Welcome to the Library . References and what they mean How to find out what the library has Where your books and journals are Electronic books and journals Borrowing and returning. Finding Academic Literature. Rowena Stewart Liaison Librarian email@example.com Tel: 0131 650 5207.
References and what they mean
How to find out what the library has
Where your books and journals are
Electronic books and journals
Borrowing and returning
Finding Academic Literature
Rowena StewartLiaison Librarianrowena.firstname.lastname@example.orgTel: 0131 650 5207
The Main Library holds the print collection for Health in Social Science (also Medicine and most of the Arts and Humanitites Collections).
There is the department library: Psychology & Philosophy Library in the Psychology Building (7 George Square)
Library card is your swipe card.
The barcode on the front is the library bit.
Your library number is beneath and starts 20150…
Self issue and return machines
HUB Collection – ground Floor
Other books – levels 2 and 3
The library catalogue tells you the books and journals in the University’s libraries.
Library catalogue only machines – no login required
i) Author (year) Book title, Place:publisher
ii) Chapter author, Chapter title, in: Book (ed), Book title, Place:Publisher, pages
Bond T. (2010) Standards and ethics for counselling in action, London:SAGE.
Macaskie J. (2008) Working with transference in counselling, in: Dryden, W, & Reeves A.(eds) Key issues for counselling in action, Los Angeles:SAGE pp147-159.
On the library catalogue or ejournal web pages look for the:
Author (or editor) of the whole book
Titleof the whole book
The rest of the information helps you decide if what the library has is exactly the same book and which chapter or pages of the book to read.
Articles report the methodology, results and conclusions of a piece of recent research in a specific area of study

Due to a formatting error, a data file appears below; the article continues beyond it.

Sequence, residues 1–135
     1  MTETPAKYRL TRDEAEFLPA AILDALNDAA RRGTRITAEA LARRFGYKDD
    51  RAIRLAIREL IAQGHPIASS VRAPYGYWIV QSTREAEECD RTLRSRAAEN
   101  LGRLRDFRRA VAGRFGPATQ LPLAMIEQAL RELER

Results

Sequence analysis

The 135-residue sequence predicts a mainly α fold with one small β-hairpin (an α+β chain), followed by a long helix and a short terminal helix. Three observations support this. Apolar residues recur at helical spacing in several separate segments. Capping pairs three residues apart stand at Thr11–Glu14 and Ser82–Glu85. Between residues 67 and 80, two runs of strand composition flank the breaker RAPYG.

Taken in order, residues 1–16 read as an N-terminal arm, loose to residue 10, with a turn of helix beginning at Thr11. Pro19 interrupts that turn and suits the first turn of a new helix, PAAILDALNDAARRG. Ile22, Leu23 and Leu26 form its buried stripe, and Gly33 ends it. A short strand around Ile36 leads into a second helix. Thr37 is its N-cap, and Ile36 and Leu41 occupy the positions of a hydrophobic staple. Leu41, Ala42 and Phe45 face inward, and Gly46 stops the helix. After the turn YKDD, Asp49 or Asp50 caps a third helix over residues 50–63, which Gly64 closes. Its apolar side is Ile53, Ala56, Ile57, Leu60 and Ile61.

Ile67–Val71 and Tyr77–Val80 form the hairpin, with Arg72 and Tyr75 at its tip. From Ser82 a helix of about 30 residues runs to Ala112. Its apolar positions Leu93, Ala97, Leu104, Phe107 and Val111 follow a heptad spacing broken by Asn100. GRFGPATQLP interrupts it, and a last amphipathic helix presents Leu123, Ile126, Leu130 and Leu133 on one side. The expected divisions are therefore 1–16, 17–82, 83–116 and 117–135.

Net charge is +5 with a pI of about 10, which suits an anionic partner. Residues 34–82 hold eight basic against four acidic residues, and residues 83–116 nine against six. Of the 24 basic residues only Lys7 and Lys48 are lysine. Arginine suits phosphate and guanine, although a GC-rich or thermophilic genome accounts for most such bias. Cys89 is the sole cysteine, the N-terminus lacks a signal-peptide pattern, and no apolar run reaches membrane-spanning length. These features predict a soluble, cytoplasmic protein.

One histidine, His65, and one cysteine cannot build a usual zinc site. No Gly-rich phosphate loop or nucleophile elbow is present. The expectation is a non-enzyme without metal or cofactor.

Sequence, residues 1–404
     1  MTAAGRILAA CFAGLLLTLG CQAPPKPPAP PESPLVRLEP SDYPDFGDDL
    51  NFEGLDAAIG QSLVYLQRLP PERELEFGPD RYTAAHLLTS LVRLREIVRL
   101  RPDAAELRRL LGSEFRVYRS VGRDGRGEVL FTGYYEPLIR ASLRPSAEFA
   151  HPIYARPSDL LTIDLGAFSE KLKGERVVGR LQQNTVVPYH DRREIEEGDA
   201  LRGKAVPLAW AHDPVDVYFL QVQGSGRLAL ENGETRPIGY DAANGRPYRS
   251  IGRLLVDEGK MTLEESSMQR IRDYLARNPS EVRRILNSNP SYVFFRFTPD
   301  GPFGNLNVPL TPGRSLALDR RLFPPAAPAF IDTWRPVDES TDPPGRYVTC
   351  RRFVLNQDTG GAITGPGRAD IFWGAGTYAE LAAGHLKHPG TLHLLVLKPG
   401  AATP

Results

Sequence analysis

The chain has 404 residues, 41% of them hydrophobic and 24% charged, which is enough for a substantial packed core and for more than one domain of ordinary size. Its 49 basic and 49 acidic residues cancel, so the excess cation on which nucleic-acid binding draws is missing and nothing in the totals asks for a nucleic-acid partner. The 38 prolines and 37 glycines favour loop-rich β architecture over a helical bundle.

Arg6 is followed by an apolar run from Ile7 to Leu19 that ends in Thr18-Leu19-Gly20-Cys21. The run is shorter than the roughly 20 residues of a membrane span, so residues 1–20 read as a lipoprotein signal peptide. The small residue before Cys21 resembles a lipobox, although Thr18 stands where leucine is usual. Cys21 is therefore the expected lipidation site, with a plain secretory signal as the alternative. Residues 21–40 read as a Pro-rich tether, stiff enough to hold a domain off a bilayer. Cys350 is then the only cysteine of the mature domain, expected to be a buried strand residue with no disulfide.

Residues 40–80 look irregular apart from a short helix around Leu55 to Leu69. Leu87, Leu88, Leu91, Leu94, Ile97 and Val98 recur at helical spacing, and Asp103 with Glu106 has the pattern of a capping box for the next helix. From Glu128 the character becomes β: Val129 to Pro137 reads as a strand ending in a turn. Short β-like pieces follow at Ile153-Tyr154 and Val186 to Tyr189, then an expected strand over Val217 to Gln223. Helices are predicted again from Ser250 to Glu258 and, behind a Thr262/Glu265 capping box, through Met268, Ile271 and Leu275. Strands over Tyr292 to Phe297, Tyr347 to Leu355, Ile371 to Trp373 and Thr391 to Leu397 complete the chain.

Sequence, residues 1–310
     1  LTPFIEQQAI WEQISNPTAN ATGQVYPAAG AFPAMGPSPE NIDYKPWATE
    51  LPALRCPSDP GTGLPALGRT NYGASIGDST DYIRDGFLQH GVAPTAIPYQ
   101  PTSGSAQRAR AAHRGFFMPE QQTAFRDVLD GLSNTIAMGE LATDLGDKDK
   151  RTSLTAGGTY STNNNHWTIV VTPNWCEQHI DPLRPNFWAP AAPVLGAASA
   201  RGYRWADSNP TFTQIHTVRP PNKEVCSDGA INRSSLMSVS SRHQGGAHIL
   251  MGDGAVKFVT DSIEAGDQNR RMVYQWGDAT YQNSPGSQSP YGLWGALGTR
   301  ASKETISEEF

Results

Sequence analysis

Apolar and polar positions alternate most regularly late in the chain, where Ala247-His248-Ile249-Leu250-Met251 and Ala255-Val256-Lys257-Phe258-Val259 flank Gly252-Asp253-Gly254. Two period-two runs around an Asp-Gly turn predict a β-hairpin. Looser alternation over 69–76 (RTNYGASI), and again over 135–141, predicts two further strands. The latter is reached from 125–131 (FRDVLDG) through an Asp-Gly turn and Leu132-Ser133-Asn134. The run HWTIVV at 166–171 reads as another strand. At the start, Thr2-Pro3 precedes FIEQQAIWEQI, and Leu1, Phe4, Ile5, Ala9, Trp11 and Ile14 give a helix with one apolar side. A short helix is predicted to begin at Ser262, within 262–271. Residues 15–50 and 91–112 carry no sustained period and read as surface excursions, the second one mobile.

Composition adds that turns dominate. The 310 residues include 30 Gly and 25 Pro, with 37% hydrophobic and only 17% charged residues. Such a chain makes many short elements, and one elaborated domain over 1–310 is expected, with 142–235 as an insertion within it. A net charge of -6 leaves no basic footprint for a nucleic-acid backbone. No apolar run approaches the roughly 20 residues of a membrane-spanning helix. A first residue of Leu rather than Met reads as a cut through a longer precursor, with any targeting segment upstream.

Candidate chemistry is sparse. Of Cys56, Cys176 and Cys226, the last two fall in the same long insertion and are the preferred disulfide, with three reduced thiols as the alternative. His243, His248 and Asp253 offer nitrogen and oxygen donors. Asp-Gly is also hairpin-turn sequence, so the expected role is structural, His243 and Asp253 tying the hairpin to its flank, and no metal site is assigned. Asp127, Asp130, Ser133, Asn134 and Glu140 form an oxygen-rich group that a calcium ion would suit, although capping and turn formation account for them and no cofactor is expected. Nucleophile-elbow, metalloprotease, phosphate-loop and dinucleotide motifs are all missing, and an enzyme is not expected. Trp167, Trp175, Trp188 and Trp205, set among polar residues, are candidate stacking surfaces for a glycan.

A reference to an article looks like:
Article author (year), article title, journal title, volume, issue, pages
Saxon, D., Ricketts, T. and Heywood, J. (2010) Who drops-out? Do measures of risk to self and to others predict unplanned endings in primary care counselling? Counselling and Psychotherapy Research, 10(1), 13-21.
On the library catalogue or ejournal web pages look for the: Journal title
The rest of the information helps you decide if the library has the issue of the journal you need and where in that issue to find the article you want to read.
Visiting Other Libraries
National Library of Scotland, Other University Libraries, etc
Check with them before you go:
via ILLiad - http://illiad.lib.ed.ac.uk/illiad/
£5 per request received
payment – e-payment request
Intra-library loans – free
Mearns, D. & Thorne, B. (2007) Person-centred counselling in action (3rd ed) London:SAGE, pp242.
2) Can you find any books in the library which would help you on the topic “interpersonal process recall”?
Bennetts, C. (2003) Self-evaluation and self-perception of student learning in person-centred counselling training within a higher education setting, British Journal of Guidance and Counselling, 31(3), 305-323.
Rogers, C.R. (1957) The necessary and sufficient conditions of therapeutic personality change, Journal of Consulting Psychology, 21(2): 95-103.
Knowing what you’re looking for
Catalogue vs bibliographic databases
Reading the full-text
I’ll just Google it
Think what you need to read about and identify the major subjects areas.
Information Sources to help you
There are variety of study areas.
Some can be booked via the MyEd “Student Study Space” channel
There is a Postgraduate study area on the 5th floor of the Main Library.
Library catalogue and e-journal pages tell you what journals we have, eg Aging and Mental Health
But, not who has published what in those journals, eg Ho’s article ‘A peer counselling program for the elderly with depression living in the community in 2007.
The Library buys access to academic literature databases because they are designed for this.
Bibliographic databases provide references/citations for material and often abstracts or summaries as well but only link out to full-text
Choose the subject guides to go to pages with databases and more.
Searcher for quick searches and probable full-text
A-Z list and databases by subjects
Using Google to find things to read is fine but…
…assess the information before you use it in your work, for:
Academic literature databases let you skip some steps because they provide access to academically or professionally approved material.
you just have to decide if what you’ve found is relevant.
Printing and photocopying - paid via your Print account which you can top up via the machines, asking library staff and via MyEd’s Online Print Credit channel.
uCreate provides multimedia and specialist IT facilities on a self-service basis including printing posters.
Rowena Stewart, rm1406 JCMB
Tel: 0131 650 5207
Subject guide for Nursing www.ed.ac.uk/is/subject-guides-counselling
ISiskills – www.iskills.is.ed.ac.uk
IT and Information Skills – www.ed.ac.uk/is/isis
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